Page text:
World Rhino Day on Eve of Critical Trade Talks
September 22, World Rhino Day, has seen delegates from over 180 countries arriving in South Africa for a wildlife trade meeting to discuss international efforts to address record poaching levels of Africa’s rhinos.
A status report by the NGO TRAFFIC and International Union for Conservation of Nature (IUCN) prepared to inform decision makers attending the Convention on International Trade in Endangered Species of Wild Fauna and Flora (CITES) meeting revealed a record 1,342 rhinos were poached in Africa last year.
“This crucial meeting of CITES Parties must be the rallying point for the international community to support and assist rhino range states in ending this global poaching crisis,” said Sabri Zain, TRAFFIC’s Director of Policy.
TRAFFIC is calling for effective implementation of updated legislative measures aimed at tackling illegal trade in rhino products in Mozambique and Vietnam, two of the countries most heavily implicated in the rhino poaching crisis.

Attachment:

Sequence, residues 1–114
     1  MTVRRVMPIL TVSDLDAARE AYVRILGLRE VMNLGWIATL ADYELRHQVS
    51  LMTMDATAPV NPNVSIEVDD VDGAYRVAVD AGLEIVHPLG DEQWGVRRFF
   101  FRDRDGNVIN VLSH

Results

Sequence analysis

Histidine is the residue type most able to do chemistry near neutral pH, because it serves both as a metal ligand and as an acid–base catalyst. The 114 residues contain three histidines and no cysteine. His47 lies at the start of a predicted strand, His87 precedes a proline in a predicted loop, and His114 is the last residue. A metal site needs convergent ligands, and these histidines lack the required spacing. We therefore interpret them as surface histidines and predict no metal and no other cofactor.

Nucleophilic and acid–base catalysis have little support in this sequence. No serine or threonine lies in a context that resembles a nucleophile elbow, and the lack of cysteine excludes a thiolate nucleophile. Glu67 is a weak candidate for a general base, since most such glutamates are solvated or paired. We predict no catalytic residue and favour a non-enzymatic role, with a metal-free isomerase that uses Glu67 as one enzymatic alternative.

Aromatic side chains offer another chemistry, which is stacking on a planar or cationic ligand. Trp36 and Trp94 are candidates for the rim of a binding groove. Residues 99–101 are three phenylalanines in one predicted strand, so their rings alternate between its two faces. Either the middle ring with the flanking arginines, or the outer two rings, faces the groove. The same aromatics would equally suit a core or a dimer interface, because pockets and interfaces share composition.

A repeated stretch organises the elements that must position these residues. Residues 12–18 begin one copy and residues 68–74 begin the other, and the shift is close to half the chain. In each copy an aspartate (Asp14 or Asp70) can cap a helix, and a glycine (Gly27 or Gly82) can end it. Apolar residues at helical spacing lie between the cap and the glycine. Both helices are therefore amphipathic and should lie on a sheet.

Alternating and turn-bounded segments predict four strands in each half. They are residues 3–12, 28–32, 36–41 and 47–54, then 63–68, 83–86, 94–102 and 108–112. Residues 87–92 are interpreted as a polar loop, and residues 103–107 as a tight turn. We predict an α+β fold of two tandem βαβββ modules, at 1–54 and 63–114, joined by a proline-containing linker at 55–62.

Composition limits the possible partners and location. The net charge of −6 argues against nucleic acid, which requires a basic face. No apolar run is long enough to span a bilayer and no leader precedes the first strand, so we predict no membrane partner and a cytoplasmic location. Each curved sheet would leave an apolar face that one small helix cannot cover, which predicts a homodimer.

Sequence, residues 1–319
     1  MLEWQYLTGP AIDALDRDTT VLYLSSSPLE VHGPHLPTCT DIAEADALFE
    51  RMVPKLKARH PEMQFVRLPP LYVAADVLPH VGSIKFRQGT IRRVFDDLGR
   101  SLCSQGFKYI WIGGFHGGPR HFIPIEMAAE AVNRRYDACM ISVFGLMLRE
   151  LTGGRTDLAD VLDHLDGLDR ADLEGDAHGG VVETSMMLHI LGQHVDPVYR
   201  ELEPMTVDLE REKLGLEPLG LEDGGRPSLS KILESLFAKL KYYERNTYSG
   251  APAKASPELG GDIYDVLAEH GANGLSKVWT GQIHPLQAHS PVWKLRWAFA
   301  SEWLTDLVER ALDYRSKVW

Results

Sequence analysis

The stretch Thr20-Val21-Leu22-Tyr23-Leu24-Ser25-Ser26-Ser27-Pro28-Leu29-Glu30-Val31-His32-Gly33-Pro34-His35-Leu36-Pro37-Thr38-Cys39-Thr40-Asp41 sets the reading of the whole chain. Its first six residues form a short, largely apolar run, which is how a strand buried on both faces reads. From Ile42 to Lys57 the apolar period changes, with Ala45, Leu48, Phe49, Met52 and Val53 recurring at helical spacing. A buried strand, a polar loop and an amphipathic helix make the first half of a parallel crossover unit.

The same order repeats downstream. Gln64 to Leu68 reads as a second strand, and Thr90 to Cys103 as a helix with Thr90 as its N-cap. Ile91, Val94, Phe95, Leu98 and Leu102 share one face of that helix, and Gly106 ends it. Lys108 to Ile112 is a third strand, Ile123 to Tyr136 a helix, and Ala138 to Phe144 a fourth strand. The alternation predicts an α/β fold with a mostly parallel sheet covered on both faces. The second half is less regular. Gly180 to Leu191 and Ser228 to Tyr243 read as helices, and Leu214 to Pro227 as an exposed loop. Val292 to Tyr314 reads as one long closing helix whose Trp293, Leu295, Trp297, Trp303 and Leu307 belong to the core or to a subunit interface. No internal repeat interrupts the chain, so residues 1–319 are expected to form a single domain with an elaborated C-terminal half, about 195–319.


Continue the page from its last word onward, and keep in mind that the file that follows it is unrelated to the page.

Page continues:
Taking a Tough Line With Vietnam
Vietnam as a major consumer of rhino horn also needs to step up its efforts to discourage the use of horn through targeted consumer behavior change measures.
“Vietnam’s poor law enforcement record speaks for itself: ending the illegal rhino horn trade and helping to save Africa’s rhinos is clearly not a priority for the government,” said Ginette Hemley, WWF Head of Delegation to CITES. “With around three rhinos being poached each day, there is no time to lose. CITES must take a tough line with Vietnam: swiftly implement critical measures to tackle the illegal rhino horn trade or face trade sanctions.”